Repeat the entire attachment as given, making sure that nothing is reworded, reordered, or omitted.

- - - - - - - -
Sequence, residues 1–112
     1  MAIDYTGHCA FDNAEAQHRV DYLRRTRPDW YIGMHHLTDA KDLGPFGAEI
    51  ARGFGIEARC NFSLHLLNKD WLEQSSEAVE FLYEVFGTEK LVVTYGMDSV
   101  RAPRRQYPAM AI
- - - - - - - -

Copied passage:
Sequence, residues 1–112
     1  MAIDYTGHCA FDNAEAQHRV DYLRRTRPDW YIGMHHLTDA KDLGPFGAEI
    51  ARGFGIEARC NFSLHLLNKD WLEQSSEAVE FLYEVFGTEK LVVTYGMDSV
   101  RAPRRQYPAM AI